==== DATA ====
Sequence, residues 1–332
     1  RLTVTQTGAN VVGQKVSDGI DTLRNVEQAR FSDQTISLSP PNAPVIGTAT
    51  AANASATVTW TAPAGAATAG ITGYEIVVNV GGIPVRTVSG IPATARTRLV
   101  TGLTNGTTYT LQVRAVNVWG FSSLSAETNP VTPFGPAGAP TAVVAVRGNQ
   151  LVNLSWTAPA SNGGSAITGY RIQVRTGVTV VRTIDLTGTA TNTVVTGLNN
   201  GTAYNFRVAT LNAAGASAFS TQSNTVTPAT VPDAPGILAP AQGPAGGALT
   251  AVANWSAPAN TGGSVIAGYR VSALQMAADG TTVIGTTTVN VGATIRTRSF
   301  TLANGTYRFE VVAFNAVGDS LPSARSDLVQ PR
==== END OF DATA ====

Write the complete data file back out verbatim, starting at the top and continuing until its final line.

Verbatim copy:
Sequence, residues 1–332
     1  RLTVTQTGAN VVGQKVSDGI DTLRNVEQAR FSDQTISLSP PNAPVIGTAT
    51  AANASATVTW TAPAGAATAG ITGYEIVVNV GGIPVRTVSG IPATARTRLV
   101  TGLTNGTTYT LQVRAVNVWG FSSLSAETNP VTPFGPAGAP TAVVAVRGNQ
   151  LVNLSWTAPA SNGGSAITGY RIQVRTGVTV VRTIDLTGTA TNTVVTGLNN
   201  GTAYNFRVAT LNAAGASAFS TQSNTVTPAT VPDAPGILAP AQGPAGGALT
   251  AVANWSAPAN TGGSVIAGYR VSALQMAADG TTVIGTTTVN VGATIRTRSF
   301  TLANGTYRFE VVAFNAVGDS LPSARSDLVQ PR